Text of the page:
Walking around Maripasoula you'll find lots of little cafes to the side of the roads, the style ranges from every nationality that is working there, and is generally OK for filling a hole in the stomach. The only thing to be weary of is price, it can vary greatly from cafe to cafe, everything in Maripasoula is expensive, and nothing has a price tag on it, so they charge you what they like, which can be very annoying.
The restaurant is situated on the Surinamese side of the river, so its necessary to take a pirogue across to it, likewise, it is necessary to book the restaurant in advance so that they know you are coming, the pirogue is provided by the restaurant and is free, unless its broken, in which case its necessary to get a local pirogue across, the price for this should be no more than 10 euros each way. The rendezvous point for all pirogue crossings is 'the big tree' on the river front, believe me, you can't miss it.
The food varies, one of the points of phoning up before hand is also to know what they have to eat that night, generally its bush meat ranging from caiman, cochon bois, pac, tapir etc, steak and chips aren't on the menu, in fact, I think you just get what you're given, so, best to know if you like what you're gonna get beforehand!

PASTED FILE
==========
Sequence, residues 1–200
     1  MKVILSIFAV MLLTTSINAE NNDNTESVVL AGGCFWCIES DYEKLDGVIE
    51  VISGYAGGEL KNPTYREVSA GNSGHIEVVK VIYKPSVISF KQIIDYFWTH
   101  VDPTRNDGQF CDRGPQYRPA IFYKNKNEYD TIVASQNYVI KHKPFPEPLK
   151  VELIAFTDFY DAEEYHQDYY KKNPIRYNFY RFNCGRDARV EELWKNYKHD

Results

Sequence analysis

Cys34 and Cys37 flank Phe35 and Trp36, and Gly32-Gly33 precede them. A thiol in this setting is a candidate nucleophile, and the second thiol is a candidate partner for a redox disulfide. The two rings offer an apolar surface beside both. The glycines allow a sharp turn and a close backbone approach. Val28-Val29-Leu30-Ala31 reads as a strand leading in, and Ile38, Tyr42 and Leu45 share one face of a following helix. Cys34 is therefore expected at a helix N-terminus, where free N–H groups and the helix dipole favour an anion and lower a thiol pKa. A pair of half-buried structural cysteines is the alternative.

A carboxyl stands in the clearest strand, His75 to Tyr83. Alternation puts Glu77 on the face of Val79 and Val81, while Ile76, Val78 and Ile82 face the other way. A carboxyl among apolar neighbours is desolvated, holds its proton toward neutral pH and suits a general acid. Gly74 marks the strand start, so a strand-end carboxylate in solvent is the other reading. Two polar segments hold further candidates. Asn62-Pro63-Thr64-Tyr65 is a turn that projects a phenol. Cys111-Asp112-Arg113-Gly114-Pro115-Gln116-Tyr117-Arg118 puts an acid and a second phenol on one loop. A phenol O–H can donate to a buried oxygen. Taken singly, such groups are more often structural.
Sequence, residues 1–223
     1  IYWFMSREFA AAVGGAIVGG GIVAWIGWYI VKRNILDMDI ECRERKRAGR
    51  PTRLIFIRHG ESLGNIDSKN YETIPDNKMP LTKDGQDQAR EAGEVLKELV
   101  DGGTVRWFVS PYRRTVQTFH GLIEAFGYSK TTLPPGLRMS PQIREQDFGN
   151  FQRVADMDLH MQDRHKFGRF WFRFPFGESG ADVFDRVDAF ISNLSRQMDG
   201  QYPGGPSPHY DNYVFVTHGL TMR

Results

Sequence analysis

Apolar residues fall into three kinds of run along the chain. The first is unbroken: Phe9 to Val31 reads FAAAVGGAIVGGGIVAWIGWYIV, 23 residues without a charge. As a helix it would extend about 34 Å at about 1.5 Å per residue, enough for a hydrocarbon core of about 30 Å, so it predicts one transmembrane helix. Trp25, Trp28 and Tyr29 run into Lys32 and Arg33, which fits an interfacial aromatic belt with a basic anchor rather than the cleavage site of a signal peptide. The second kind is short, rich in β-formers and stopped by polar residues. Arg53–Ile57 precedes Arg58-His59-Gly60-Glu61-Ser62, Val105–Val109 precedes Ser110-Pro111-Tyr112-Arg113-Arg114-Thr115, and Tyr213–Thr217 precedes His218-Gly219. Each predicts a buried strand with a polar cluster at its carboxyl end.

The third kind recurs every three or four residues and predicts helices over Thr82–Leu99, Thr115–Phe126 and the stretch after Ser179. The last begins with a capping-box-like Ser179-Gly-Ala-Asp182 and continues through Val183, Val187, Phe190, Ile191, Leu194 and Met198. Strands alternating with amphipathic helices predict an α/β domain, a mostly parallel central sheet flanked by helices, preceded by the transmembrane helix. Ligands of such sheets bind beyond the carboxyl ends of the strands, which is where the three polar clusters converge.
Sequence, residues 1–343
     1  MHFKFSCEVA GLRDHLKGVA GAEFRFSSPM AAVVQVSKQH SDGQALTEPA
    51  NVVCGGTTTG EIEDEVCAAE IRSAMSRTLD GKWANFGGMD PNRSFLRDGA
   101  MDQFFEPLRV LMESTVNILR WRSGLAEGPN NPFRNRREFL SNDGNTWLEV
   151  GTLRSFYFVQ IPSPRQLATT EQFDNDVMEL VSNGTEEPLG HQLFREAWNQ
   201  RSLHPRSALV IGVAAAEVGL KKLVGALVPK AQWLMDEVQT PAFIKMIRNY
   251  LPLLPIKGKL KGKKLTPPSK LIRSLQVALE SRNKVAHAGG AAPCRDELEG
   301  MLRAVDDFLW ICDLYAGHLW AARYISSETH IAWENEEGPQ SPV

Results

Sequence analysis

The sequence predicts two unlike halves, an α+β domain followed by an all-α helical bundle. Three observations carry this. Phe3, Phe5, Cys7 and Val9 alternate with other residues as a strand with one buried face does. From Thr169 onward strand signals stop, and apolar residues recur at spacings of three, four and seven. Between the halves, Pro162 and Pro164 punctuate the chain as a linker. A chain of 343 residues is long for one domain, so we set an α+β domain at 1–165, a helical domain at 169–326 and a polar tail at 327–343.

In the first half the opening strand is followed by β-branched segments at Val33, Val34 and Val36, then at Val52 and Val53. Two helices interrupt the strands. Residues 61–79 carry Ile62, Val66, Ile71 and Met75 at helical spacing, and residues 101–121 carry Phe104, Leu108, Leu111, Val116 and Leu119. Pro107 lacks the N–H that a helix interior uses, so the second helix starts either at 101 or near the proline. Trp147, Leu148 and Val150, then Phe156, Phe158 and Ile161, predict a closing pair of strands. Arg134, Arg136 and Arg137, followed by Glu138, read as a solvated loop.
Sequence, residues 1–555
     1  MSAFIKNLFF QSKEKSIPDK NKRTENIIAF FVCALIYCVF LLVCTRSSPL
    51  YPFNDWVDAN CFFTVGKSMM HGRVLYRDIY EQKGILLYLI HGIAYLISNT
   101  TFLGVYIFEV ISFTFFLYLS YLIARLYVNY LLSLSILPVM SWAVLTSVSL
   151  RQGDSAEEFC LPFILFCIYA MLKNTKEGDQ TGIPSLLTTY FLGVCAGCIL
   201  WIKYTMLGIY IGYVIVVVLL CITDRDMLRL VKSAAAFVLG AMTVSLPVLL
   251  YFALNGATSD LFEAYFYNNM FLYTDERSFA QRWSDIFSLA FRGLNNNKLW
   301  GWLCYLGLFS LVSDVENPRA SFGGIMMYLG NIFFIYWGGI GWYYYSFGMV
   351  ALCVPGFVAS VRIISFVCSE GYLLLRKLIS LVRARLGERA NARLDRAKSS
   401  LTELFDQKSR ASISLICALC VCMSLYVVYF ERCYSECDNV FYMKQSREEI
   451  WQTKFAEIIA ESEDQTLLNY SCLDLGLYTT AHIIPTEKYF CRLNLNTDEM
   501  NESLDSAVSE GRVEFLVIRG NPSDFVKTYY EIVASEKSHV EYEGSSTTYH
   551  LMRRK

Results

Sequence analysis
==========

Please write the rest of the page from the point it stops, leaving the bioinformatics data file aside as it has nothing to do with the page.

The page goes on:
Favorite Dish: All the food is cooked in a local style, rice, red beans, cwac, pasta, meat, hot sauce.
Nightlife being very limited in Maripasoula, we thought we'd give this place a try, you can hear the music from a while away, the building looks fairly new and well maintained, its also open air.
On arrival, you basically find its a disco with a brothel attached, the music is just loud and many people are there to get drunk and sleep with prostitutes, so the place is generally full of the kind of people who want to get drunk and sleep with prostitutes.
Dress Code: None, I think you could actually turn up naked here, though you might not live very long......
The living, breathing, inhabited part of Maripasoula is quite small, so any clubs going on, you can hear from almost anywhere. Whilst I was there there was one nightspot with live music, that resembled a private party, there was a cover charge to get into the part where the live music was, but outside was free, all we had to do to get there was follow where the music was coming from.
It turned out to be exactly the same for another dancehall we found ourselves in, though this was a more well-known bar, and didn't have the feel of anything private.
Point of note, there weren't any white people at the dancehalls, except for us, the first event was great, a really enjoyable experience, but the second dancehall there was definitely racial tension and we didn't stay long before heading home.
Dress Code: Don't be naked?
Basically, there are 2 transport companies in Maripasoula, both of them are owned by the same family, Cazal. One of the drivers is called 'Big Guy' and the other is his brother, we just knew him as Mr Cazal, they are always there when the plane lands at the airport and as there are 2 minibuses, they have enough to take the plane load.
The going rate is 5 euros per person, he won't ask for anymore, so don't worry about it, we had one chap with us who though he knew better and so we spent 2 hours walking around Maripasoula trying to find where we were meant to be going, not worth it, the taxi guys are fair and know exactly where you are going. As long as you do! If not he'll suggest a place to stay or something to do, really friendly guys, local knowledge etc etc.